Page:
clean it up.

when i was a little girl, and after hours of cleaning, had finally achieved a spotless room, i would sleep on top of my comforter with a blanket.


when day became night, i would refuse to get under my covers, because in my mind, i had to preserve what was perfect by refraining from touching it. i did not trust myself to live in the space comfortably and keep the space pristinely clean, and for me, disaster would always start with the bed. the minute my bed was unmade was the beginning of disorder, and there was no stopping the tumbling down once it began, all because i got too comfortable, let my hair down, and in this instance, snuggled up with my sheets.


funny how that same attitude could manifest itself in other parts of my life.


for years of my youth and into my adulthood, i was hesitant to show up in my relationships. i didn’t trust who i was to fit into people’s perfect image of connection, likely because in my abuse i been taught that i had always been too “something” for someone to love me.


too intellectual.

too challenging.

too innocent.

too sheltered.

too open.

too much of a conversationalist.

too perceptive.

too affectionate.

too serious.

too skinny.

too dark of a complexion.

too short hair.

too successful.

too independent.

too in love with God.

too far away.


the minute i became exposed, and comfortable; prepared for growth and living in real time, in love with another; shame was cracked over my head, as who i was as perfectly imperfect seemed to disgust and displease him. i was hit with the unrealistic requests to become less of what i was and more of what i hadn’t been, and i felt the need to - remake the bed. lie on top of the sheets. preserve his idea of a woman in his head by sacrificing myself in order to .. stay in the room.


as dull and lifeless as you could imagine a room not lived in, is what i became; most things about me i learned quickly that i could not change, so instead i practiced hiding - being silent. i was one with the blank walls and one with the cold sheets, camouflaged into a relationship that had no room for me.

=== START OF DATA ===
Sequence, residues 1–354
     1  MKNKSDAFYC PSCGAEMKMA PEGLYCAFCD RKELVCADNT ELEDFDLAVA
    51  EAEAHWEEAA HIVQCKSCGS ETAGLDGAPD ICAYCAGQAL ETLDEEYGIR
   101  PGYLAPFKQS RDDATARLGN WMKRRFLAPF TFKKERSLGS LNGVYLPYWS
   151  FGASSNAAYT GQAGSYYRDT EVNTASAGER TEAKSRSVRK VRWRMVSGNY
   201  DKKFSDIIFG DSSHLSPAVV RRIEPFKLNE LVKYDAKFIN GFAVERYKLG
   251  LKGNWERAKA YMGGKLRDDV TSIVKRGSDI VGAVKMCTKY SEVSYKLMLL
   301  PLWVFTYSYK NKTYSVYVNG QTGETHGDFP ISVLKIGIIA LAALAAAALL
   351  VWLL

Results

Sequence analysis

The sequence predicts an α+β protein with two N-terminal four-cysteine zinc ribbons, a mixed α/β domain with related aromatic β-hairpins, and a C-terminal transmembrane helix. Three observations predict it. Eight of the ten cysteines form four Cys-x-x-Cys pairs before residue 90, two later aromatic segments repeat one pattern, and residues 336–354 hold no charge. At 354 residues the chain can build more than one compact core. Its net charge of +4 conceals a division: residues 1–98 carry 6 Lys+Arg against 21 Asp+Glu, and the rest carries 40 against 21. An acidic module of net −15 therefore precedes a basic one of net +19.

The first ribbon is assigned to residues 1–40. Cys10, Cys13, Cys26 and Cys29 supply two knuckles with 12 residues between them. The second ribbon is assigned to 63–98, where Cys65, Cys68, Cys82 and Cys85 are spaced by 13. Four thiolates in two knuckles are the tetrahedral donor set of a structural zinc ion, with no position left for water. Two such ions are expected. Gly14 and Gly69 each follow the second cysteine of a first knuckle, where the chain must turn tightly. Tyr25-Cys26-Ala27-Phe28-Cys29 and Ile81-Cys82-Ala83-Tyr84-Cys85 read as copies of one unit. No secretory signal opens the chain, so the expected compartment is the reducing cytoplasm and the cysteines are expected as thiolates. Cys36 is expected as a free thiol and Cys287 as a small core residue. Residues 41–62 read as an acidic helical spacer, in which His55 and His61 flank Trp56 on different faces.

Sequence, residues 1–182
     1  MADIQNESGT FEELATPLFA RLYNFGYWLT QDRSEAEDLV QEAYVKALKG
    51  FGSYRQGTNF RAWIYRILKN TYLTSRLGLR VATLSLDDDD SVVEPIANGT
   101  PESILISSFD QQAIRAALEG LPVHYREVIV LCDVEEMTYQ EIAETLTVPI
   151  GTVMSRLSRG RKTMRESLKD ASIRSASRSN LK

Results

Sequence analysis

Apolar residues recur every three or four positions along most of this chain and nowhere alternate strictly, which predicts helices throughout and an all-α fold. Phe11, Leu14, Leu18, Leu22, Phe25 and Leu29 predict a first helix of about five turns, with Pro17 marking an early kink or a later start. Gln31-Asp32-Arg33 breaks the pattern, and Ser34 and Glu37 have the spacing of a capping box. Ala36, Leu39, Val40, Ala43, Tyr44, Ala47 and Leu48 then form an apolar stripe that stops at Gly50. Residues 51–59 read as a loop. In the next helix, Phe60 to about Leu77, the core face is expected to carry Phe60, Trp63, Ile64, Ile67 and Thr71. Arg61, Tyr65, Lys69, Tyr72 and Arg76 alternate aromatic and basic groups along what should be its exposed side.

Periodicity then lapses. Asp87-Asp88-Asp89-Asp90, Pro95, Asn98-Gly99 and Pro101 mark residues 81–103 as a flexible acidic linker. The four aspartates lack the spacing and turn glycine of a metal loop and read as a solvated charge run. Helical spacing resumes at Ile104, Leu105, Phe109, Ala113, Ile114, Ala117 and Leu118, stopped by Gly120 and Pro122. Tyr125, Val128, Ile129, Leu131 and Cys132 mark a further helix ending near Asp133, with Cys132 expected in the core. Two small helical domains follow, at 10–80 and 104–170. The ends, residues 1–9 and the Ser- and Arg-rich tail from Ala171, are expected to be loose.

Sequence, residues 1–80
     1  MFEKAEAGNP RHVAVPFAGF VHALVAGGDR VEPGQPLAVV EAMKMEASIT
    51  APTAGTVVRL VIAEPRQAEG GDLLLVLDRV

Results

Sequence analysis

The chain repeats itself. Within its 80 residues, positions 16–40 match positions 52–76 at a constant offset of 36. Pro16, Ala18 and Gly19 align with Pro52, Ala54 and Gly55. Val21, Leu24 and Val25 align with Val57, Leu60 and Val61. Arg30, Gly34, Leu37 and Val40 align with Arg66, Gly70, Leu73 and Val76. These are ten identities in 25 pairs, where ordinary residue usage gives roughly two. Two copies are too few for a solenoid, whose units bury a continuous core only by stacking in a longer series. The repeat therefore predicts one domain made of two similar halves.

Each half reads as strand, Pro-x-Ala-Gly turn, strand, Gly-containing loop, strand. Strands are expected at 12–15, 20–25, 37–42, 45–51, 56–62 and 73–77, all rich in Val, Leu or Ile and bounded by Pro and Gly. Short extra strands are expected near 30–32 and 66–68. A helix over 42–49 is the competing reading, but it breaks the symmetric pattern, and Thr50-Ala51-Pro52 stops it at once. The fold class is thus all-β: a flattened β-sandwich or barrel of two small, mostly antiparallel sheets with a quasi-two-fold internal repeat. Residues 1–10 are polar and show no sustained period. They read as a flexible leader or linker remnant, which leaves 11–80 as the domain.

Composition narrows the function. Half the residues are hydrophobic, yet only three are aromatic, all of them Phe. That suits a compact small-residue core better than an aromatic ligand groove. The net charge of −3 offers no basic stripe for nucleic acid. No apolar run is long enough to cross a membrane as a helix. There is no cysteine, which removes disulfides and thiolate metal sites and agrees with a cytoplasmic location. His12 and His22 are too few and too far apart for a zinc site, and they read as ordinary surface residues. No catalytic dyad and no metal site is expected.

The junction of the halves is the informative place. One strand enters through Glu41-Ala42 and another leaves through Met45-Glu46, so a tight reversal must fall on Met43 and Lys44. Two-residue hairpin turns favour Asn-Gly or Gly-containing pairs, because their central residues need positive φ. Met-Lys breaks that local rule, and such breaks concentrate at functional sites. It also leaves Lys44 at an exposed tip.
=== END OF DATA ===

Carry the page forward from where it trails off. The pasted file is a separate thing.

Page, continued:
i don’t want the “keep it clean” mantra to keep ruling my life.


that’s not to say that i want a messy room; but i want to give myself grace to cuddle with my comforter AND make my bed; i don’t want a “messy” relationship; but i want to choose to stay or go after i’ve had the opportunity to show up as i am - one with a freed tongue and a freed mind and so much to say. one in love with God and willing even though she be afraid. one who searches for herself and accepts herself in love and grace. i want the evidence that i am unLYSHed all over my boudoir and my floor, knowing that i can be me and not be dirty, disgusting or unloveable. my choice to unwind does not make me any less beautifully pristine.


i heard a powerful quote once that said “you will never achieve perfection; but if you chase perfection you will capture excellence.”

i’ve learned that life is not about trying to maintain or become the image of perfection, but to strive for perfection. and in relation to character and relationships, perfection doesn’t necessarily mean to be unblemished; to me, it means to show up as freed. to me, it means to be willing to be in the room, and not a part of the room. it means to add the color, the laughter, and the authenticity; it means to be vulnerable and transparent and brave, knowing that God gives us grace for broken vases and dirty laundry; missteps and mistakes. we don’t quit at living because of our imperfection, but we receive the grace to “clean it up,” and show up some more.


i want my bedroom to be at the standard of excellence; i want to push myself to live at the standard of excellence. i will chase perfection humbly accepting that i cannot *be perfection and that’s more than okay -



it’s actually quite freeing.



unLYSHed



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Written by Maud Alcorn for the “Where Freedom Resides” Campaign Healing is a lifelong commitment. I know that many of us have fantasies of overcoming what has broken us, then never being broken again.

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